A Civil Society: The Public Space of Freemason Women in France, 1744-1944
James Allen, Southern Illinois University CarbondaleFollow
Issued under a CC BY-NC-ND 4.0 license: https://creativecommons.org/licenses/by-nc-nd/4.0
A Civil Society explores the struggle to initiate women as full participants in the masonic brotherhood that shared in the rise of France’s civil society and its civic morality on behalf of women’s rights. As a vital component of the third sector during France’s modernization, freemasonry empowered women in complex social networks, contributing to a more liberal republic, a more open society, and a more engaged public culture.
The work shows that although women initially met with stiff resistance, their induction into the brotherhood was a significant step in the development of French civil society and its civic morality, including the promotion of women’s rights in the late nineteenth century. Pulling together the many gendered facets of masonry, Allen draws from periodicals, memoirs, and copious archival material to account for the rise of women within the masonic brotherhood in the context of rapid historical change. Thanks to women’s social networks and their attendant social capital, masonry came to play a leading role in French civil society and the rethinking of gender relations in the public sphere.
“James Smith Allen presents readers with an engaging, kaleidoscopic account of the uphill and contentious struggle to include select women as full participants in the arcane brotherhood of French freemasonry.”—Karen Offen, author of Debating the Woman Question in the French Third Republic, 1870–1920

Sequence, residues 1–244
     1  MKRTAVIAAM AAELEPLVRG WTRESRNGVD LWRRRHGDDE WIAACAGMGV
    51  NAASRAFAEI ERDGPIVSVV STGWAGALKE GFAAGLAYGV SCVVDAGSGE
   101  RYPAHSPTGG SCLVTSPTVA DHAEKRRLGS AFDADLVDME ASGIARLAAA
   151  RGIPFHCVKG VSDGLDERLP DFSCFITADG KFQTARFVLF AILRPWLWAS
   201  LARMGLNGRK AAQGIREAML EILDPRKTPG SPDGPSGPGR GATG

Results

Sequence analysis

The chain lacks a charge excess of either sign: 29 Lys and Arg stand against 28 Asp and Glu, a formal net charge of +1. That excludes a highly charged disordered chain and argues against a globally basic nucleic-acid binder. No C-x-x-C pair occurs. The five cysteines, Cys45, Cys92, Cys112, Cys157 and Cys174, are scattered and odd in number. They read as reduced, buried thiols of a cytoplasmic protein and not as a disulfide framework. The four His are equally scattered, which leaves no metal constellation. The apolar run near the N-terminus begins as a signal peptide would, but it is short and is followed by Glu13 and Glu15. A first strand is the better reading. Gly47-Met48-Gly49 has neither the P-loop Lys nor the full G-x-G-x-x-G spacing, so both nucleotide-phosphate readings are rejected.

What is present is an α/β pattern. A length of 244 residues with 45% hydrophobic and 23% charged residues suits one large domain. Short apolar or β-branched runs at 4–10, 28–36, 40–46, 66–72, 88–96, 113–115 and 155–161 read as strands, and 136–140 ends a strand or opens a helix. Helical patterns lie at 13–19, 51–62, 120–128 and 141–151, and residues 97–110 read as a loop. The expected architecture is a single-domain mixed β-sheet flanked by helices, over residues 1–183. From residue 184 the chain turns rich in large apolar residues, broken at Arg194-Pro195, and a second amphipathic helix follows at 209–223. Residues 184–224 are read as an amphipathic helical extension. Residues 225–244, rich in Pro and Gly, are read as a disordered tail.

“A Civil Society is important because it connects the activism and writing of major figures in French women’s history with masonic networks and impulses. It accomplishes all of this by providing copious evidence presented with clarity.”—Bonnie G. Smith, author of Women in World History: 1450 to the Present
“In this ambitious new study, James Smith Allen seeks to understand how masonic sisters and their fellow travelers contributed to a more liberal republic and open society and engaged civic culture in the Old Regime and modern France. A Civil Society is a welcome addition to all those interested in the history of sociability, progressive politics, and civil society.”—Kenneth Loiselle, author of Brotherly Love: Freemasonry and Male Friendship in Enlightenment France
"A Civil Society: The Public Space of Freemason Women in France, 1744-1944."
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